by Abigail Pickus

Enrollment in nonprofit Jewish summer camps in North America is steadily increasing – and there are more innovative Jewish camping experiences than ever before, according to the recently released strategic plan of The Foundation for Jewish Camp (FJC).

In addition to surveying past years, the plan focuses on the strategic direction for the next five years (2011-2016) with the goals of increasing affordability; fostering greater connections between camps and Jewish schools, communities and synagogues; increasing awareness and creating innovative programming.

“Jewish summer camp is higher on the communal list today across the country than ever before and a lot of that is because of the great work being done by local Federations and synagogues,” said Jeremy Fingerman, FJC’s Chief Executive Officer who succeeded Jerry Silverman, now CEO of the Jewish Federations of North America. Fingerman formerly headed Campbell Soup Co.’s U.S. Soup Division and the management group for Manischewitz foods.

FJC works with camps from all streams of Jewish belief and practice, offering financial resources, leadership and management training and guidance and support for increasing awareness and enrollment. With a budget of $20 million (2011), FJC serves 150 non-profit Jewish camps, annual summer populations of 70,000 campers and 10,000 counselors in North America.

Thanks to a more advanced and accurate system of data collection launched in 2006, FJC estimates that between 2006-2010, over 139,000 children in North America experienced overnight Jewish summer camp with enrollment figures trending upward until the economic crisis in 2008-2009, when enrollment stabilized. According to the plan, this is in marked contrast to private camps, which have seen an overall decrease of 10% during the same period.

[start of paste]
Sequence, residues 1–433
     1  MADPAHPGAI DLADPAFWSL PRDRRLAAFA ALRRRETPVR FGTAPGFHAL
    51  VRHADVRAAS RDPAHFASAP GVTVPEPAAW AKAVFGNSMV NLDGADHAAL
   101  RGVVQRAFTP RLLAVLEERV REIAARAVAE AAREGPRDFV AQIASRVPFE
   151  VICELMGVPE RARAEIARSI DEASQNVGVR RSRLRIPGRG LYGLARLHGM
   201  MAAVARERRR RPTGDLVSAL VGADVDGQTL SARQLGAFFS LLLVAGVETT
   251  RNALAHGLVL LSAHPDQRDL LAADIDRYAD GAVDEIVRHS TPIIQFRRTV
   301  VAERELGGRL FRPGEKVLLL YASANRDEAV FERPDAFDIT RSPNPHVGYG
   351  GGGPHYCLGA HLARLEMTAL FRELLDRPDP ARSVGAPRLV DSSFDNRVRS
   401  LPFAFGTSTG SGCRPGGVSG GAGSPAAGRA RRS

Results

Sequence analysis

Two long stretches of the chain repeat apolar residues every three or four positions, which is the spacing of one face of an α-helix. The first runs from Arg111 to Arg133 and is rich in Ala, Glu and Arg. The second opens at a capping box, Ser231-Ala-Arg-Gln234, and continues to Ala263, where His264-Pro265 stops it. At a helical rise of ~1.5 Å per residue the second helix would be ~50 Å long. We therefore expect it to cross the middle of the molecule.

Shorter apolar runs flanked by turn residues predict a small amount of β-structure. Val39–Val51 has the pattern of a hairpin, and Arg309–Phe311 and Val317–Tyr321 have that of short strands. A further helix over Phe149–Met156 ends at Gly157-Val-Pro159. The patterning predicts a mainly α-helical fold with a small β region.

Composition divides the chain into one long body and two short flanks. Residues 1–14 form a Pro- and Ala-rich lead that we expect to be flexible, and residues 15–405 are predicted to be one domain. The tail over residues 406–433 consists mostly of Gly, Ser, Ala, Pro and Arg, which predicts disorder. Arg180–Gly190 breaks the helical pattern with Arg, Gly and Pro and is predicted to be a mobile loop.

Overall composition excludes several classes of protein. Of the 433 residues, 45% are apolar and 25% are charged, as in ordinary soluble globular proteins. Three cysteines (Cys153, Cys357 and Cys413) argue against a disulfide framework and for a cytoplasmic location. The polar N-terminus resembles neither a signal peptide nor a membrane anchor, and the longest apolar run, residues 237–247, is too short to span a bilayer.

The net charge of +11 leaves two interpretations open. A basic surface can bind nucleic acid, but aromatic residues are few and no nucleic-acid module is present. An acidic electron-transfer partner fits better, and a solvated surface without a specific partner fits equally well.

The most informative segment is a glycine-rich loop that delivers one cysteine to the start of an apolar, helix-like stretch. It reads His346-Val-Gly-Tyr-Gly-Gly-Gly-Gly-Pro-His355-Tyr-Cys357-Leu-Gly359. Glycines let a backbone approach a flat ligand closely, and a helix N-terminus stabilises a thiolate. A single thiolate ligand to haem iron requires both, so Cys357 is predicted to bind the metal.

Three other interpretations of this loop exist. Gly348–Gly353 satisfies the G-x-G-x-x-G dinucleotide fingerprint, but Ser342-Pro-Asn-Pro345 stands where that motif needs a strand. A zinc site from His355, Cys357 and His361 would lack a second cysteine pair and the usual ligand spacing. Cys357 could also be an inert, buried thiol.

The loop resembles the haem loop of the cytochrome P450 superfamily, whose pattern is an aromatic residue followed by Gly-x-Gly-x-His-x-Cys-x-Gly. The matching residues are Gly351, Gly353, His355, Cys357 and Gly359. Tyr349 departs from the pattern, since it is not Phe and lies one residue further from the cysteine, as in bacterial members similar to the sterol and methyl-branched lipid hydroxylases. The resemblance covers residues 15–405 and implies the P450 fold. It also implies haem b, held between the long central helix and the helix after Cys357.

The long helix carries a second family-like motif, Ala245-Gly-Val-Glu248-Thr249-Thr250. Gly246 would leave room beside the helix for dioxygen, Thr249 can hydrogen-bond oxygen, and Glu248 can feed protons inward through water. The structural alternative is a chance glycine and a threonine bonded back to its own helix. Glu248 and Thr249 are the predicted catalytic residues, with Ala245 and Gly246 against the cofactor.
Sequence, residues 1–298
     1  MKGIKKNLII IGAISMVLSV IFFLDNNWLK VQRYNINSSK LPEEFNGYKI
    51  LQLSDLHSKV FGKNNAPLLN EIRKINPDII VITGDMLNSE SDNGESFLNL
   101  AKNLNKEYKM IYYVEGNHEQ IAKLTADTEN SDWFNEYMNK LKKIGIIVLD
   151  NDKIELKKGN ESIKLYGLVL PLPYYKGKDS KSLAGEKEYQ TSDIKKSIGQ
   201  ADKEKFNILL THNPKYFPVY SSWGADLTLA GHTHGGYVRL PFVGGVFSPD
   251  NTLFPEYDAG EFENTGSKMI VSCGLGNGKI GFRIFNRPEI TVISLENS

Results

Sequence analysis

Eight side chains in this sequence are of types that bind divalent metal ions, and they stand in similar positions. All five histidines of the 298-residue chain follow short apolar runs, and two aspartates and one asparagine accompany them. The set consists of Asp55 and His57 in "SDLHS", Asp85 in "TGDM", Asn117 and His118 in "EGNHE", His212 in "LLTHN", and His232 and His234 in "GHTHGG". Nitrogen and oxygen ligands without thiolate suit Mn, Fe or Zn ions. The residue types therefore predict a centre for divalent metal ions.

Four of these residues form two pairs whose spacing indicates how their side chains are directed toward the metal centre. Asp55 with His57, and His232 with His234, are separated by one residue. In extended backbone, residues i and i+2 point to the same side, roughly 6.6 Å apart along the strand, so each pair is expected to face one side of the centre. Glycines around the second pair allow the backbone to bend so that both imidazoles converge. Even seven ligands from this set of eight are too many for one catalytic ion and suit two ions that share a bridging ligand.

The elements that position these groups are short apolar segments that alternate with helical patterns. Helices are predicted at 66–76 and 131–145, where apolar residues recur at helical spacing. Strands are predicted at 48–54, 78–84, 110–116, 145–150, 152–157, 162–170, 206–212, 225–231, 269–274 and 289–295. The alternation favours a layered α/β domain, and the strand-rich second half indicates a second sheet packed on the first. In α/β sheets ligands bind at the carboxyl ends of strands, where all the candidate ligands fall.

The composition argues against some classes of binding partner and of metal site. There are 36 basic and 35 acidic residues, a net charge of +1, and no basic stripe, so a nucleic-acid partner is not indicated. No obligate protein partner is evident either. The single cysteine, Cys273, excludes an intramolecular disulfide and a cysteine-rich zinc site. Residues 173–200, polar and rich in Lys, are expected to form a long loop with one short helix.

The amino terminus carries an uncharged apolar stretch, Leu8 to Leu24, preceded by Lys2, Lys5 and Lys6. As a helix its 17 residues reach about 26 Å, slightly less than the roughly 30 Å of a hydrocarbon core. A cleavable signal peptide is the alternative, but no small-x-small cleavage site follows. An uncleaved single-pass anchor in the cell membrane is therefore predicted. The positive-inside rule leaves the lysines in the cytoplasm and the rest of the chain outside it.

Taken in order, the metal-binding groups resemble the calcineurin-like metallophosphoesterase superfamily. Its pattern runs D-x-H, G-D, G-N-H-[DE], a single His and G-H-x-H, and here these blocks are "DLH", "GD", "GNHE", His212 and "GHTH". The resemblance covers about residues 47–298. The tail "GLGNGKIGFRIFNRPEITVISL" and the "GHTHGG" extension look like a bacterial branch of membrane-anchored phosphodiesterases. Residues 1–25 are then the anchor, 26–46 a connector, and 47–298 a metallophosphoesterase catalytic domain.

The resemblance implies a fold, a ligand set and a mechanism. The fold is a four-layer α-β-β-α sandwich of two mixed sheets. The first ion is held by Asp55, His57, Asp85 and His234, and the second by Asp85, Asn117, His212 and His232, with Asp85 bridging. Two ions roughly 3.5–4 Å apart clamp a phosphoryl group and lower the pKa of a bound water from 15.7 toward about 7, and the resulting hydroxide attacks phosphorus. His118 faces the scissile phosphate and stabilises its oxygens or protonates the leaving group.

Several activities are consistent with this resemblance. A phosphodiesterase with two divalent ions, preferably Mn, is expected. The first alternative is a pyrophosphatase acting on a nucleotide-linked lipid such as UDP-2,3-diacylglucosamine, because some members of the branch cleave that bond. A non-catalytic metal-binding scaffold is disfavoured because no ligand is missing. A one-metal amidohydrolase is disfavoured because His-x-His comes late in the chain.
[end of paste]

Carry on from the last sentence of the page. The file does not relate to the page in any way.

The majority of participating nonprofit Jewish summer camps are in the Northeast with a market penetration rate of 8%. FJC intends to address the growing Jewish populations in the South and West with a market penetration in these regions at 4% and 7%.

The high price tag for Jewish summer camp, which averages $1230/week, is a significant deterrent for many families. FJC works to offset costs through incentive programs such as the One Happy Camper program (OHC), which supplies first-year campers with a need-blind financial incentive grant and the JWest Campership program that awards financial incentives to first-time campers entering 6th, 7th, or 8th grade.

Incentive programs have brought 24,000+ new campers to Jewish summer camp over the last five years. Without these incentives, 55% of these new campers would have stayed home or attended a non-Jewish summer experience, according to the plan.